Authors: Andy Moore, Gelu Costin, Alexander Proyer
Models for a xenocryst origin for kimberlite olivines emphasise the similarity between their core compositions and those in mantle peridotites. While this permits a xenocryst origin, it does not provide proof, as magmas generated in equilibrium with mantle olivines could, in principle, crystallize initial olivines matching those in the source region. Further, in several kimberlites, there is a striking disparity between the compositional range of olivine cores and that in associated mantle peridotite xenoliths from the same locality. Olivine-liquid Mg-Fe exchange coefficients and Ni partition coefficients permit equilibrium between Mg-rich mantle olivines (Mg# ~ 94–93) and magmas matching kimberlite bulk rock compositions. Glass inclusions in olivine megacrysts from the Monastery kimberlite, with compositions which overlap the range of archetypal Group I kimberlites, were interpreted to represent original liquids trapped at pressures of 4.5–6 GPa. These glass inclusions provide direct petrographic support for primitive melts matching kimberlite bulk chemistry in the lower SCLM.
A majority of kimberlitic olivines show normal (decreasing Mg#) core to rim zonation. Cores of normal-zoned kimberlitic olivines are typically homogeneous, but collectively define a field with a range in Mg # and invariant or slightly decreasing Ni towards more Fe-rich compositions. The most Mg-rich cores of normal-zoned olivines typically have Mg# in the range 94–93, but there are marked differences in the Fe-rich extreme of the normal-zoned population between different kimberlite clusters. Olivine rims typically define a field characterized by steeply decreasing Ni, coupled with invariant or slightly increasing or decreasing Mg#, which invariably overlaps the Fe-extreme of core compositions of the relatively Mg-rich, normal-zoned olivines. Consequently, while there is a sharp inflection in chemical gradient between the respective fields of cores and rims, they nevertheless define a continuous compositional field. Trace element modelling demonstrates that these zonation patterns can be explained in terms of a Raleigh crystallization model.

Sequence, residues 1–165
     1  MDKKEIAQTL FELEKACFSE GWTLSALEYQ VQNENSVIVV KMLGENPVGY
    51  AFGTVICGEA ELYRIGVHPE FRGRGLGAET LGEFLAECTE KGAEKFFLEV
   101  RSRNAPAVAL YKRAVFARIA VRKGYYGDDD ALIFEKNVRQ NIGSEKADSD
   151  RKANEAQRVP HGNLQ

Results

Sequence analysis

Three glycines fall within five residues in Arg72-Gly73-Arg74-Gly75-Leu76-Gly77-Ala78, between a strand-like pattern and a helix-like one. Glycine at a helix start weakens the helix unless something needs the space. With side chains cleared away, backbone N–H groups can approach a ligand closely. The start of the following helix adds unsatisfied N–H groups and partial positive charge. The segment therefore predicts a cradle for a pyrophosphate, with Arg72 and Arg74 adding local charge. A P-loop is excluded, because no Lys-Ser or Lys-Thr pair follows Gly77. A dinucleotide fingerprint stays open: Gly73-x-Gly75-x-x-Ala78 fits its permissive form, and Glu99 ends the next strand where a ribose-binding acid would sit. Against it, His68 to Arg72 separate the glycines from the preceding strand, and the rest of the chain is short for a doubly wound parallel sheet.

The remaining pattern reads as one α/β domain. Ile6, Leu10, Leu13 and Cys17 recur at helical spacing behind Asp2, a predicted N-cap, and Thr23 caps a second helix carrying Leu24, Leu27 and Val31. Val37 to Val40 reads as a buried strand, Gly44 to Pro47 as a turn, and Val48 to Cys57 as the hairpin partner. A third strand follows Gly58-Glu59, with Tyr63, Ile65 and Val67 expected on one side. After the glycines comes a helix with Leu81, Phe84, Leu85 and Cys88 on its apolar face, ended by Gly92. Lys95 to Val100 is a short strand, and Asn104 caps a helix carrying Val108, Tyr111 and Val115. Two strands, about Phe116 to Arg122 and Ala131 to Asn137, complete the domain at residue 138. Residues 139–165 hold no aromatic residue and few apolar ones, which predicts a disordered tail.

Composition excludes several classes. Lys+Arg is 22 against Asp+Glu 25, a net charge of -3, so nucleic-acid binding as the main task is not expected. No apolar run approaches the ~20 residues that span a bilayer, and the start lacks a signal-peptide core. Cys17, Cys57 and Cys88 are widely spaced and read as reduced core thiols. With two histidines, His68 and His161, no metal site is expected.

Most, if not all kimberlites are characterized by a subordinate group of olivine macrocrysts with cores that are Fe-rich relative to the field for rims, and thus show reverse zonation, which are interpreted to be linked to the Cr-poor megacryst suite. Rare Mg-rich olivines (relative to rims), have high-pressure inclusions of garnet, clinopyroxene and orthopyroxene. When present, such inclusions often show disequilibrium features such as internal chemical zonation. This points to a very short mantle residence time prior to entrainment by the host kimberlite, indicating a link to the Cr-rich megacryst suite rather than mantle peridotites. In addition to a variable, but generally subordinate proportion of olivines derived from Cr-poor and Cr-rich megacrysts, xenocrysts derived from disaggregated mantle peridotites will undoubtedly be present. While their proportions are difficult to quantify, the collective evidence points to a cognate origin for a majority of kimberlitic olivines. A kimberlite magma ascent model is proposed which provides a framework for understanding both olivine compositional variation and apparently enigmatic internal and external olivine morphology.
Moore, A., Costin, G., and Proyer, A. (2021): Cognate versus xenocrystic olivines in kimberlites – A review. Earth-Science Reviews, 103771, ISSN 0012-8252, https://doi.org/10.1016/j.earscirev.2021.103771